Liberty listed on the JSE in 1967, the first life company in South Africa to do so. The firm immediately specialised in the business and professional market and soon benefitted enormously from changed legislation that allowed for tax-deductive retirement annuities (RAs). 

The top marginal rate of income tax then was 72%. 

Moreover, unlike other main life assurers who operated exclusively through tied agents, Liberty distributed its products through independent brokers and was known to pay the best commission in the market. 

Gordon also ensured that his sales team was the best educated and best trained in the country.

In the early 1960s changes were made to the unit trust legislation in SA, and Gordon and Shill decided to take advantage of these. 

Following a study visit to the US, they started SA’s first unit trust, the SA Growth Equities Fund. This was done in partnership with Nedbank and London & Dominion.

These were linked to Liberty’s insurance products and were winners from the start.

The fathers of the modern South African unit trust industry, incidentally, were two finance ministry officials, Rudolph de Villiers and Wynand Louw. 

The country’s first Unit Trust Control Act had been passed in 1947 and only permitted closed-end funds.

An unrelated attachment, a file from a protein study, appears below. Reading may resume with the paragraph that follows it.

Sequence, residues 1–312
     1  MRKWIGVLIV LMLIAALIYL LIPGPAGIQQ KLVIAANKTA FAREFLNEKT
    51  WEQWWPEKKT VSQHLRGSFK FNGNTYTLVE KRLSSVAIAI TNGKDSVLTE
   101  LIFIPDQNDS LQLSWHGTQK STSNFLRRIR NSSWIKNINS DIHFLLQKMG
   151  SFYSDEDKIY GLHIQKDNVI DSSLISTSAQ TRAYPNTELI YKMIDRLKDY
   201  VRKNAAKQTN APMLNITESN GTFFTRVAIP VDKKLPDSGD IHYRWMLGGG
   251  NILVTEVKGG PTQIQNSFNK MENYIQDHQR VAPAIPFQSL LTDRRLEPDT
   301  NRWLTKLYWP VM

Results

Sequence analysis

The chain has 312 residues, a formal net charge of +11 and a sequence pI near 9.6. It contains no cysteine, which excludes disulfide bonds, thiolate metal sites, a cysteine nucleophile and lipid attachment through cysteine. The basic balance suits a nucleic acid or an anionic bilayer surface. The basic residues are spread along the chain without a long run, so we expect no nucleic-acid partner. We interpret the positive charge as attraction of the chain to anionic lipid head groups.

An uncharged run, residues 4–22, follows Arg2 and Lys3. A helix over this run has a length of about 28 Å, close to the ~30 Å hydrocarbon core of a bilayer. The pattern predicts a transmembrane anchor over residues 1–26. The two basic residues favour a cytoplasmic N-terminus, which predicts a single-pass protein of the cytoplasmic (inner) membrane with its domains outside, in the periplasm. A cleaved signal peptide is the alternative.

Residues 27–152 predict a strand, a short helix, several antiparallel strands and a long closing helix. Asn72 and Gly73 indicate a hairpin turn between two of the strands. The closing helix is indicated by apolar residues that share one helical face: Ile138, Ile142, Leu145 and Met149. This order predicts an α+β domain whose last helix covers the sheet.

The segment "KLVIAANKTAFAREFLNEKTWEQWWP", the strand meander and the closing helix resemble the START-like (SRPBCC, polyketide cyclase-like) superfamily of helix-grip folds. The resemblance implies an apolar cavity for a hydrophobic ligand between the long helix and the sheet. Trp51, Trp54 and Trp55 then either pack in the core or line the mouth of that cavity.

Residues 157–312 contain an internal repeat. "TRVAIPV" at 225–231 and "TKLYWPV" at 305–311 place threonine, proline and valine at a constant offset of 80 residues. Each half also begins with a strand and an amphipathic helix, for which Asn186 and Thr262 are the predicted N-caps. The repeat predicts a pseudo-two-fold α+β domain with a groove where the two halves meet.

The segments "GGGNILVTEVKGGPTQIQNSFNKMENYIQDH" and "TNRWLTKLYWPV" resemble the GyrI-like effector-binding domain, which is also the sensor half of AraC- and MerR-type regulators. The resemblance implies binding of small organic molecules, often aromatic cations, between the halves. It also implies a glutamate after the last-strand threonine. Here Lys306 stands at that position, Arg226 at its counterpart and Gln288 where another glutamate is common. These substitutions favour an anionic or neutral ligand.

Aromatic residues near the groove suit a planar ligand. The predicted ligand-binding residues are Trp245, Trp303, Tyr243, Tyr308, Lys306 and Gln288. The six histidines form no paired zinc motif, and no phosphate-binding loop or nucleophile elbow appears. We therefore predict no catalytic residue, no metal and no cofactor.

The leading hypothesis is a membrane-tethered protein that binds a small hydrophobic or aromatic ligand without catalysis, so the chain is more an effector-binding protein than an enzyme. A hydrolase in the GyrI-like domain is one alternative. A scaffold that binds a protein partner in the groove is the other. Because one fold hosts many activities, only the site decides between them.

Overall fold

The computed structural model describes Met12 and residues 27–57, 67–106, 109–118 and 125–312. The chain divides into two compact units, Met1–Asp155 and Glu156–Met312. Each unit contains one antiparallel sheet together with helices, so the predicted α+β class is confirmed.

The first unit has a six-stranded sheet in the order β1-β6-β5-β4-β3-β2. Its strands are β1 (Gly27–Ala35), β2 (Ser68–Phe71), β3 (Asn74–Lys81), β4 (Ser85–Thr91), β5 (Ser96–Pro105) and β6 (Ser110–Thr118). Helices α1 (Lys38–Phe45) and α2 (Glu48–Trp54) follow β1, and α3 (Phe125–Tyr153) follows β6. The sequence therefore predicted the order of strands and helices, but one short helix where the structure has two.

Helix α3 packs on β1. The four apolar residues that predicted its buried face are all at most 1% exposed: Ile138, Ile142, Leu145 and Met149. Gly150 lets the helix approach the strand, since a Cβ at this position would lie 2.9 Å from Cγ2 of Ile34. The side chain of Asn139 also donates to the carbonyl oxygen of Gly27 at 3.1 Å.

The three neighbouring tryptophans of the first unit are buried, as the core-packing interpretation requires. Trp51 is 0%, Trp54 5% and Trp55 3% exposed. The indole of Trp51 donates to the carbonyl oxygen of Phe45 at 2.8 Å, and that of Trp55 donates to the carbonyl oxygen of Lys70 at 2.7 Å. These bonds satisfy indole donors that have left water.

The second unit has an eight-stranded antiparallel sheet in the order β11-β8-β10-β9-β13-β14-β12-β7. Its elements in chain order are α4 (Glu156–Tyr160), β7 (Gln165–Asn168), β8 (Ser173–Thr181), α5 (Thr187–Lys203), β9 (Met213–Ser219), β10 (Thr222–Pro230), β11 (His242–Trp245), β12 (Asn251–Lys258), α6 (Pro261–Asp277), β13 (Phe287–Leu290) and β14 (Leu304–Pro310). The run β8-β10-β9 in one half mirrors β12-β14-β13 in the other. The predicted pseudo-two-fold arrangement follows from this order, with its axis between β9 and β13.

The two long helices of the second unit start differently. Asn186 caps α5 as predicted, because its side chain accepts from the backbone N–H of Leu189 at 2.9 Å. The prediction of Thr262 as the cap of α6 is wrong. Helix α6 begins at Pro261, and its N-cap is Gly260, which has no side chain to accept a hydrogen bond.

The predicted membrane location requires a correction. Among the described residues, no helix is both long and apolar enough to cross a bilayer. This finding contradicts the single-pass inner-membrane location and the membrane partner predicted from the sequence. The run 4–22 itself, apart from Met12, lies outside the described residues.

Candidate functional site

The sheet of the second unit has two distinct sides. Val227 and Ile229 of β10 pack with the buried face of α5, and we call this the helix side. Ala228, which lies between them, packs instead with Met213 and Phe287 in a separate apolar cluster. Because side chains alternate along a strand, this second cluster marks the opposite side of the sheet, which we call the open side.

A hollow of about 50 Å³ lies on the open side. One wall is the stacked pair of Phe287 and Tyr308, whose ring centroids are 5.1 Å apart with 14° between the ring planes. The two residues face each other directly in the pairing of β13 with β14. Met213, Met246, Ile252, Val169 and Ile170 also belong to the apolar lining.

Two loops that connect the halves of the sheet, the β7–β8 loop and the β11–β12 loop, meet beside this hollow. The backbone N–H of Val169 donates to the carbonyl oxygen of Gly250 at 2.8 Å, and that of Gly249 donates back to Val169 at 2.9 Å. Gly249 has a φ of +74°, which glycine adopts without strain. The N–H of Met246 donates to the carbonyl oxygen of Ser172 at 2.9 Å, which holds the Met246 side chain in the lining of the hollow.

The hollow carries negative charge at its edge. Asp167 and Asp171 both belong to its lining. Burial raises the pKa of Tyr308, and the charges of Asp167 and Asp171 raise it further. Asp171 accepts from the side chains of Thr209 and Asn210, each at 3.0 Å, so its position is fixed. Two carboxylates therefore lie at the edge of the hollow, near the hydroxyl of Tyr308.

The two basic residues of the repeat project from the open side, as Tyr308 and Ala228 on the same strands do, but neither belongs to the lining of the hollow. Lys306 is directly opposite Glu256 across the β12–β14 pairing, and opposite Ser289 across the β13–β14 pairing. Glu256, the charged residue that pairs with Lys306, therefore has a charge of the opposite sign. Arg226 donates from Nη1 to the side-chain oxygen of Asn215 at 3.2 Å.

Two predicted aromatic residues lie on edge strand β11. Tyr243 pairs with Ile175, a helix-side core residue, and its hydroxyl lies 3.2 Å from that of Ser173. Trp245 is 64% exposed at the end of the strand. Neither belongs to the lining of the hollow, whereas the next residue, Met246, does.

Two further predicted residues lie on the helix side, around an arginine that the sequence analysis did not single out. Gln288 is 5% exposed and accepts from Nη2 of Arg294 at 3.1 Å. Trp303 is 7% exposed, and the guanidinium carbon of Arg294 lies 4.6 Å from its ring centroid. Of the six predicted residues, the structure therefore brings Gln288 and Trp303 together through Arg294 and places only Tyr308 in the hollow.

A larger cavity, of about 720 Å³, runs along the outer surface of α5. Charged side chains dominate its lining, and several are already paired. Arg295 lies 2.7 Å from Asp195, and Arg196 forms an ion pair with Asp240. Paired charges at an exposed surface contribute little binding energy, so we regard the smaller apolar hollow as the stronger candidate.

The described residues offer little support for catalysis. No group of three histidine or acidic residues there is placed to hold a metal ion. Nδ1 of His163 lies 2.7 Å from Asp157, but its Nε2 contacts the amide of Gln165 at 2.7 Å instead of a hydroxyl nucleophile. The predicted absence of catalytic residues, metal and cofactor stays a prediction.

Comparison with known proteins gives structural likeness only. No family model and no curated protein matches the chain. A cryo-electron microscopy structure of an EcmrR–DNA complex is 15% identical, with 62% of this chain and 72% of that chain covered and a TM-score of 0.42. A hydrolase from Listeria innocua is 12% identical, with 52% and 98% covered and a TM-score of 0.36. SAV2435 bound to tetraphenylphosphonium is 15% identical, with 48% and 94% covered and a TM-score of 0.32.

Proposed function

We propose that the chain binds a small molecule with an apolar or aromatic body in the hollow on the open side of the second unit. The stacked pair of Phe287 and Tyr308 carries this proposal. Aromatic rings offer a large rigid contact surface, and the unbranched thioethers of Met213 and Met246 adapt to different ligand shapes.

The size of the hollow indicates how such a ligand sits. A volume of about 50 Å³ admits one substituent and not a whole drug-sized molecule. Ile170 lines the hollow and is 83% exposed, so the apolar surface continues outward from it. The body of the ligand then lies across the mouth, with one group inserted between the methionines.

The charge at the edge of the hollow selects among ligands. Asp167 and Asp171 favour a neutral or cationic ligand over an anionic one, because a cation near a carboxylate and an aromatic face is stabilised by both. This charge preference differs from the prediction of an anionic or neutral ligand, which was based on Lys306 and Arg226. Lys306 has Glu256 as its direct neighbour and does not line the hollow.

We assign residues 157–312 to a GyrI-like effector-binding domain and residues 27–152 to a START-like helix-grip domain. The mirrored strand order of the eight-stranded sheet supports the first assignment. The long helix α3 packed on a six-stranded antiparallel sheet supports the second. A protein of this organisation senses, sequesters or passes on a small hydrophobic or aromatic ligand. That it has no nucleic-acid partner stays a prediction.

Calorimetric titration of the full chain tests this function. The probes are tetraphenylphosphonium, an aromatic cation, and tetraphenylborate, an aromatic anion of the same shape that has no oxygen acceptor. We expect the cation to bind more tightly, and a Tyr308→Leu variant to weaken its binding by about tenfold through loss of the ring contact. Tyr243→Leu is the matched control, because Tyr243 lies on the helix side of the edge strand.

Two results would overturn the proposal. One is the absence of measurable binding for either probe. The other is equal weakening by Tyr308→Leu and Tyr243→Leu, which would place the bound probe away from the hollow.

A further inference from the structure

De Villiers and Louw reckoned that changes were necessary to modernise the industry and allow modern-concept “open-ended” funds that had become popular in the UK and US, and had the legislation amended in 1962 and 1963.
Soon after, Shill was keen to promote the growth of unit trusts as a stand-alone product and so broke away from Liberty to establish what became Sage Holdings. 

Liberty re-entered the unit trust market in 1970 with the establishment of Guardbank, a joint venture between its controlling shareholder, Guardian, and Barclays Bank.

Guardbank was driven by Roy McAlpine and was one of the finest unit trust offices in the country for many years. Today, it’s incorporated in Stanlib.